Anti-Smoking Ads Are History

Arnold’s decade-long “Make smoking history” campaign for the Massachusetts Department of Public Health, one of the nation’s oldest and best-known anti-smoking initiatives, is going off the air.

The effort, arguably the most recognizable campaign in the Commonwealth, has been suspended following Gov. Jane Swift’s decision to cut the MDPH’s overall $50 million budget for the current fiscal year ending June 30 by a third. About $8 million was earmarked for paid media, and about $3.5 million had been spent.

“You will not see TV, radio or print ads for the rest of the fiscal year,” said MDPH representative Rose anna Pawelec. No new ads from Boston-based Arnold or its subcontractors will be produced, and no additional airtime or print space will be purchased, she said.

Swift has proposed cutting the MDPH’s budget to $19 million for the next fiscal year, which would almost certainly ensure the termination of media advertising. “Make smoking history” could survive in a “stripped-down” version, relying on educa tional/collateral materials and perhaps limited media executions, sources said. Both houses of the state legislature still must submit budget proposals.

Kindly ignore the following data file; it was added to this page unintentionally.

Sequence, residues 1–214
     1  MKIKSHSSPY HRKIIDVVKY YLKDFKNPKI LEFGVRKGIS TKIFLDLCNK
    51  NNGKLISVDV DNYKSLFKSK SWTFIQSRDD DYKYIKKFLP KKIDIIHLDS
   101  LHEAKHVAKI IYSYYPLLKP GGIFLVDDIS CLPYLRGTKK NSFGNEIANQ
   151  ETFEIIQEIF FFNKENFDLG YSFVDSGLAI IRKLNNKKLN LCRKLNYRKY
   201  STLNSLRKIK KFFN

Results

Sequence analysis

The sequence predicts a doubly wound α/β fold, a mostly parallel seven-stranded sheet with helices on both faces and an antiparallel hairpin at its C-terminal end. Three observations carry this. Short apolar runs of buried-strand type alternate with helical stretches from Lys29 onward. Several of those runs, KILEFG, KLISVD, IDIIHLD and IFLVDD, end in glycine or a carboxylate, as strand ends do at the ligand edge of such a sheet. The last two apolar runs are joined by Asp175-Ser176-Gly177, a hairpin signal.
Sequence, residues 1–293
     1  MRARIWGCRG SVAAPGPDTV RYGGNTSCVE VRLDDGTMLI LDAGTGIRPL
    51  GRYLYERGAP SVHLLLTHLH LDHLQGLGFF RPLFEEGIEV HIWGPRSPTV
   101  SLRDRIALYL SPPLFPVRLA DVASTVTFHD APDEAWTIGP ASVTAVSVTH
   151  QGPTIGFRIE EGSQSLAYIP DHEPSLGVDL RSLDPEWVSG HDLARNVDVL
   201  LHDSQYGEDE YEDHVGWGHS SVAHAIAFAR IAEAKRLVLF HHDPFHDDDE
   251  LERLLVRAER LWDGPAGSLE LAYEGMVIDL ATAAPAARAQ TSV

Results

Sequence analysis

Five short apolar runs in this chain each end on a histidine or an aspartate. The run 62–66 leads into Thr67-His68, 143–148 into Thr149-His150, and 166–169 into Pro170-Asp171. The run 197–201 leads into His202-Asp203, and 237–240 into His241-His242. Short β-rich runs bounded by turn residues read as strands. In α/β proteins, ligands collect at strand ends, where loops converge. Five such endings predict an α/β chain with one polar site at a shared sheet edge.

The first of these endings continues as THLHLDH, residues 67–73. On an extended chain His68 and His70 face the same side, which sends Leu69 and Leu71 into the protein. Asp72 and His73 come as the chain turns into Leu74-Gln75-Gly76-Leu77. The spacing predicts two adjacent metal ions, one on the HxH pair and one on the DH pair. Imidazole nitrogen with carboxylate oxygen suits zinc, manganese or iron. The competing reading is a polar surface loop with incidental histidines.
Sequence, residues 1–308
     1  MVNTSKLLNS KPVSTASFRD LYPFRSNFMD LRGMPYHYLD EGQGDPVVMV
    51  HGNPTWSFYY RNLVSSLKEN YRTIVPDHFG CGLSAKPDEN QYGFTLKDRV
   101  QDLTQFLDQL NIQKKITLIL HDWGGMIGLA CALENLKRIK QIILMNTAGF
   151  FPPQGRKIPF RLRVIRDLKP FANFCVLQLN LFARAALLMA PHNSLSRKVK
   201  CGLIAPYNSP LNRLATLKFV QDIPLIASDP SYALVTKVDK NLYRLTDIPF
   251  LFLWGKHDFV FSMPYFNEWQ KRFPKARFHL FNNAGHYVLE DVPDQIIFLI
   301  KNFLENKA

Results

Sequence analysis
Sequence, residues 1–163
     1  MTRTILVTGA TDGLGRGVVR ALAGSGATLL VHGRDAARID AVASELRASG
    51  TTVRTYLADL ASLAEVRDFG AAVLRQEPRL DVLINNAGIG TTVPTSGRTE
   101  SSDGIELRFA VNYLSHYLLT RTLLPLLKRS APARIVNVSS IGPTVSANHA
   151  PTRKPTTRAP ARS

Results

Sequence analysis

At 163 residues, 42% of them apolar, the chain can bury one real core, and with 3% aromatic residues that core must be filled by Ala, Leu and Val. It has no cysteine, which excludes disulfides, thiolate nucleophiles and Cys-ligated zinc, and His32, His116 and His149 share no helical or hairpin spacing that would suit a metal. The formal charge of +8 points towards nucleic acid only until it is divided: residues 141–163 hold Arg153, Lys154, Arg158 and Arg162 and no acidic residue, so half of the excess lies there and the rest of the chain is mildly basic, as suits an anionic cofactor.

The acclaimed campaign helped Ar nold secure a portion of the Ameri can Legacy Foundation’s national anti-smoking account, which it shares with Crispin Porter + Bogusky, Miami.

Massachusetts’ situation mirrors that of several other states with broad tobacco-control initiatives. In Arizona, for example, funding for a campaign from E.B. Lane Marketing Communications, Phoenix, has been trimmed from $10-15 million initially to $3-5 million, and eliminating the media budget altogether remains a possibility.

In Florida, where Crispin Porter handles anti-smoking ads, the media budget has been $5-6 million annually in re cent years, down sharply from $20-25 million when the program began in 1998.

Other states re ducing tobacco-control budgets—some even before the first anti-smoking ads go on the air—include Maine, Ohio, Miss ouri, Montana, Wisconsin and Hawaii, according to the Campaign for Tobacco-Free Kids, an advocacy group based in Washington, D.C.

Marc Boutin, vp of government relations for the American Cancer Society, decried the cuts, maintaining that media advertising is the “No. 1 reason people decide to quit [smoking].” —with Wendy Melillo and Vincent Coppola